4 Tax Breaks for College Students
The cost of a college education could quickly empty out your pockets. It’s probably the most expensive purchase you’ll make besides a home. Who wouldn’t want a break on tuition? The good news is you can lighten your financial load by taking advantage of tax incentives that are available to you. The April 2012 tax deadline is several months away, but you can start tracking educational expenses that might be eligible for a tax break. Here are some tax deductions, credits, and savings plans that will help loosen the chokehold on your wallet.
American Opportunity Credit. Tax credits are beneficial because they reduce the amount of income tax you might have to pay. The American Opportunity Credit adds required course materials to the list of qualifying expenses and allows taxpayers to claim the credit for four years of college instead of two. The maximum annual credit of $2,500 per student is available to individuals whose modified adjusted gross income is $80,000 or less or $160,000 or less for married couples filing a joint return.
Business Deduction for Work-related Education. Deductions reduce the amount of your income that is subject to tax, which can reduce the amount of tax you might have to pay. If you’re self-employed and you itemize your deductions, you might be able to claim a deduction for money used to pay for education related to your job. According to the Internal Revenue Service, the deduction will be the amount by which your qualifying work-related expenses in addition to any other job expenses is more than 2% of your adjusted gross income. If you are self-employed, you can subtract your expenses for qualifying work-related expenses from your income. Consequently, this can lower the amount of your income subject to both income tax and self-employment tax.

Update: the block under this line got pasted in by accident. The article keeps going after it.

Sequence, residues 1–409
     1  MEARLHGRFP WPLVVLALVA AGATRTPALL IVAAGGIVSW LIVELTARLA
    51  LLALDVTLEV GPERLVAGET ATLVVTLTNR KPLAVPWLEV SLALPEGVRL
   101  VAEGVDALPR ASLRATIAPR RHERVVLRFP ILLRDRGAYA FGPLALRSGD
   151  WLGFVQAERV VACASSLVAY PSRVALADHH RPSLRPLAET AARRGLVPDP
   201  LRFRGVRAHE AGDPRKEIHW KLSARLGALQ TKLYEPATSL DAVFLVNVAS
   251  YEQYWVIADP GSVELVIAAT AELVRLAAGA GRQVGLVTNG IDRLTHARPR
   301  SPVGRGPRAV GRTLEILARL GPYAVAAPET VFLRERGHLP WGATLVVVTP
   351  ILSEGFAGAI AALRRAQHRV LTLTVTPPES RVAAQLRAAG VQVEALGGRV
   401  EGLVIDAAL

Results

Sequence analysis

Scholarships and Fellowships. Whether the amount is tax free or taxable depends on the expense paid with the scholarship or fellowship and whether you’re a candidate for a degree. A scholarship or fellowship is tax free if you’re using it to pay qualified educational expenses and if you’re a degree candidate. Qualified educational expenses include tuition and fees and course-related expenses such as books, supplies, and required equipment. Non-qualified expenses include the cost of room and board, travel, research, clerical help, and equipment or other expenses that aren’t required for courses.
Expansion of 529 Plans. These plans come with a tax-free withdrawal of earnings that build up in the plan based on the contribution made. Tax-free college savings plans and prepaid tuition plans can also be used to purchase computer equipment used for school.
For additional information and a detailed list of restrictions, go to the IRS website and check out the Tax Benefits for Education Information Center.